“Of all the objects that contain gold, bars and rings, bangles and necklaces, nothing is quite like the medal,” Rohit Brijnath wrote in an article on P.V. Sindhu’s historic win In Switzerland last month.
Though the article was written beautifully, it didn’t quite sit well with me – despite Sindhu’s incredible feat, a physical aspect of womxmhood had to be brought into the picture to create a comparative example.
Womxnhood has long been trapped in the idea of physicality – from simple ideas of appearance to the complex relationship of the female body’s biological needs. This has not changed in the current socio-economic state of human civilisation.
The physicality of femininity
Appearance is the most discussed idea of womxn-ness. The prescribed aesthetic of womxnhood is very precise; the use of words like ‘grace, beauty, delicate, fragile and sensitive’ to describe the ‘fairer sex’ further emphasises the physicality of femininity.
This has withstood the test of time – think of corsets in Victorian England – and continues to be among the most debated and consumed idea around feminism too. Even the Dalai Lama recently commented on the importance of physical appearance of a possible female successor.
Meanwhile, several womxn also use their physicality as the most important marker of their social identity on the internet (and beyond). The more obvious are the womxn who have terms like ‘beauty queen’ in their bio and millions of followers.
Even womxn with less vain displays of physicality always present themselves with arguments on what ‘sexy’ means to them, what ‘beauty’ really is, whether a womxn’s nudity is created for a man – all valid arguments, sure.
But they essentially never move away from the fact that appearance, and therefore a womxn’s physicality, has to be discussed.
In my opinion, womxn pursuing careers like acting, modelling, fashion and design – where physicality plays a very significant role in their expression – are expected to keep the tradition of ultra feminine aesthetic alive. This emphasis on physicality is required to induce sensuality to their art.
Despite what we get taught in Indian culture about modesty and ‘sharam‘, sensuality is an important part of being human. Its existence reminds us of our humanity and should never be under-appreciated.
But in these professions, sensuality is never approached with much thought or sensitivity. These industries are the few in modern economies which have had womxn at the top for a long time, yet sadly still hinge on physicality as a primary capital. Further, it is always fixated with the very basic idea within appearance – the aesthetic of the time.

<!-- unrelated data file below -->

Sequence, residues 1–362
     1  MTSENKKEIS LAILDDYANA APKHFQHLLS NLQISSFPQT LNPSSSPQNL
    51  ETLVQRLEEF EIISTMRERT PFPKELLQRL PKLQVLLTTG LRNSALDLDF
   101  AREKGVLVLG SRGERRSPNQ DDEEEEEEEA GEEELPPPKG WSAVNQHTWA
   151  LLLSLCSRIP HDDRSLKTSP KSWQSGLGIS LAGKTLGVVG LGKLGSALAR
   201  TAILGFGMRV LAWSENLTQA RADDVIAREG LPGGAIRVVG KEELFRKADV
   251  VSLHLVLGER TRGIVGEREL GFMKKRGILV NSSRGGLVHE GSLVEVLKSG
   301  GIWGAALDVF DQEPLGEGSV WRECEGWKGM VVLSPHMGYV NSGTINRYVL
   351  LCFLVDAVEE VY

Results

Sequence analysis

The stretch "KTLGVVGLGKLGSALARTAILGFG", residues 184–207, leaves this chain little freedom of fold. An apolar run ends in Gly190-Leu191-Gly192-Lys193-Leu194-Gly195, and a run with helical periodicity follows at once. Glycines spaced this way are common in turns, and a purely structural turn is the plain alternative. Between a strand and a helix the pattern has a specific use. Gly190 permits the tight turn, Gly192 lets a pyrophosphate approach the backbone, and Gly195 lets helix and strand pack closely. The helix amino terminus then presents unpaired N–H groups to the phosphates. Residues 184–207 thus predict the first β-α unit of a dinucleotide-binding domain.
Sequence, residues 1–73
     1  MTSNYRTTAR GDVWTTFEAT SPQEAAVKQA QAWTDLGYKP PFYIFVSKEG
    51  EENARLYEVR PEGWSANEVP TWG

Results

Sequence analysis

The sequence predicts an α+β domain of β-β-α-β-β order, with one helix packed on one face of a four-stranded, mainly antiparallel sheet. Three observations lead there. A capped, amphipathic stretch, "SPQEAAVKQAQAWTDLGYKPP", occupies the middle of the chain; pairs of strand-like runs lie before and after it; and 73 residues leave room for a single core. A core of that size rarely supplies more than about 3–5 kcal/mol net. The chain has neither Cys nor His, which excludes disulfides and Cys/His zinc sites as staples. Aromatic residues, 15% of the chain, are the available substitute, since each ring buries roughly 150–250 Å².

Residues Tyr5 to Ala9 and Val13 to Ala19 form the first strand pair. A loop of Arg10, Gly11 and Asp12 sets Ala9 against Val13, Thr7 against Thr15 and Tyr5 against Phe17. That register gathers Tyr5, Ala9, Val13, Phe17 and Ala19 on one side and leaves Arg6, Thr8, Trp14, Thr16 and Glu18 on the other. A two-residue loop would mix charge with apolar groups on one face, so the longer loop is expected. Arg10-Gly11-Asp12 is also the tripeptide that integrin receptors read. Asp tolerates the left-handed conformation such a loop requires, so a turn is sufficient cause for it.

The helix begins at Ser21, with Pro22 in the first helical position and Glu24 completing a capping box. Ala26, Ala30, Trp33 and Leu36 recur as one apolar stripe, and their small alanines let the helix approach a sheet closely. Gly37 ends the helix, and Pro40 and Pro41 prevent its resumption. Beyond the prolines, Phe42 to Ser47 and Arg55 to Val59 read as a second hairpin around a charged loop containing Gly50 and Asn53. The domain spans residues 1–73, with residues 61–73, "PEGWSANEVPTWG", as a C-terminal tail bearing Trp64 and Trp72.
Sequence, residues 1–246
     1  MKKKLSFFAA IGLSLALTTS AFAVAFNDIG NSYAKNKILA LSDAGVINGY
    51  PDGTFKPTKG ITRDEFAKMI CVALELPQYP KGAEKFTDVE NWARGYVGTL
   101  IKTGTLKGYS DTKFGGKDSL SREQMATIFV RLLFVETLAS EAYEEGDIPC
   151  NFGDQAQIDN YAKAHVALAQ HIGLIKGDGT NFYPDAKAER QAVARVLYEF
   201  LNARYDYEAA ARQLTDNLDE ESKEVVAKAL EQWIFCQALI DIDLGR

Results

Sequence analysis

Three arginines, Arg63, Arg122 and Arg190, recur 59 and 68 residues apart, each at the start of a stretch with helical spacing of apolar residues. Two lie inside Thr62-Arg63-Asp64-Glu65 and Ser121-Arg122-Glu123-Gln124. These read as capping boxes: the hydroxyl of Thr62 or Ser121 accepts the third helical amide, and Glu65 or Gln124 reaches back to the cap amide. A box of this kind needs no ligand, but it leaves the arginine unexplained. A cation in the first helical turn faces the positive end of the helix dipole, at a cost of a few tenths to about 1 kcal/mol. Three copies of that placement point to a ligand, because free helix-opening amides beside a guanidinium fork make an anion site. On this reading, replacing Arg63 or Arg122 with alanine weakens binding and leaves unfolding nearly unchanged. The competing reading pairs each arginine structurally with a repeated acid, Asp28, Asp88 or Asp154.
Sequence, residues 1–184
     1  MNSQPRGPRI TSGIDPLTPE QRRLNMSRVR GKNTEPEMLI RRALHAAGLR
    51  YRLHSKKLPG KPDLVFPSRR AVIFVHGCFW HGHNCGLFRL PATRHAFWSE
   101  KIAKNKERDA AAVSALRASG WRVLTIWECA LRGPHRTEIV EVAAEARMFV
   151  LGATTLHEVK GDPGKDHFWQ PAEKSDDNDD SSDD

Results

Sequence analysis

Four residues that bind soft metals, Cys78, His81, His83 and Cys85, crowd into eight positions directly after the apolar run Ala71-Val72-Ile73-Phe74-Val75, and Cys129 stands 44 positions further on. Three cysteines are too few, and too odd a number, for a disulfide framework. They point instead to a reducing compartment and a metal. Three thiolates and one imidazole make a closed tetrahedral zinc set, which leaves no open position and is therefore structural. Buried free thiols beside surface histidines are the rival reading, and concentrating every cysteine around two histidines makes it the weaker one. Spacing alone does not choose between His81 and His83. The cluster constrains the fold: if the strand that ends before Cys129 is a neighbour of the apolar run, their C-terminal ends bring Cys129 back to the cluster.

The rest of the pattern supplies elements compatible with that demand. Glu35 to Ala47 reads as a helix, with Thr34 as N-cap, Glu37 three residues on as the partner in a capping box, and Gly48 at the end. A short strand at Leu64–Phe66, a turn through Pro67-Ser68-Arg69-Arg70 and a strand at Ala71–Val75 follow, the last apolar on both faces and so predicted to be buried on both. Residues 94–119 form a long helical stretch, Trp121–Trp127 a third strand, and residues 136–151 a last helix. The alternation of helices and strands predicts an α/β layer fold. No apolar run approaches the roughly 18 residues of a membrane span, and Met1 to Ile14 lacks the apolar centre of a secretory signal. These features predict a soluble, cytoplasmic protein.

‘You are your looks’
In reality, ‘aesthetic’ is just a set of silent rules of beauty created and maintained by the upper class. The reality of aesthetic is through clothes, jewellery, make-up, decor – you name it.
All the real, material aspects of creating a ‘pleasing’ aesthetic are dependent on money. A lack of funds is a serious challenge to you looking like you belong to womxnhood.
This is further exclusionary as it fails to adequately address non-binary, asexual and trans identities. The embracing of physicality becomes essential to the embracing your womxnhood. It feels especially obscene when seen through the lens of victims of abuse and violence, which unfortunately womxn have always been.
Without unpacking their agency over their physical existence, a womxn is expected to, quite literally, wear the garb of femininity to signify her womxnhood for the public.
This is the performance of gender which ties back to the areas of work in human society dominated by womxn. A womxn’s socio-economic value is judged by her performance of femininity. Skills have a greater value if they are accompanied with the prescribed physicality of womxnhood – it corresponds to the public’s idea of what it means to be a womxn.
So for centuries, successful womxn have had to balance other aspects of their personality and responsibilities with the expected standard of physicality. No womxn could look as dishevelled as Boris Johnson and become prime minister. And while I don’t always agree with Mayawati’s politics, almost all her detractors have attacked the Dalit leader’s physicality with disgusting statements in public to discredit her.
Aesthetic is also the easiest way for upper class womxn to protect their privilege and continue to create a perception of social superiority.
This is hardly an abstract idea, it is very well evident if you scroll through several social media accounts of womxn. Again, ‘aesthetic’ is social capital dictated by upper class and caste womxn – so it is always easy for them to use it against any criticism on their fixation with physicality, even in the supposedly inclusive ‘plus size’ body types.
So you can be thin or fat – but you better be good looking.
The physicality of a womxn is the most challenging concept for those who fight ableism. This needs to be made uncomplicated. The physicality of womxnhood is truly fought, in my opinion, by athletes, differently abled and trans womxn. Physicality also signifies strength and capability.
It is important to address here the biological needs of a womxn’s physicality are drastically different from a man – and not lesser in any way. To say that there are any limitations of a human body to perform a task is to limit ability. And we know that has been proven time and again to be a falsehood.
Sadly, an extremely elusive idea of beauty has become a significant thing in human visual memory. As womxn, we dedicate our entire lives curating this physicality so we can call ourselves womxn – even though we know very well that it is not all there is to being a womxn.
Let us collectively allow womxnhood to expand beyond our bodies and become the powerful force it truly is.
Sumedha writes to highlight the need for non-conformity and for practical politics free of labels. She is also a certified cat lady.
Featured image credit: Pariplab Chakraborty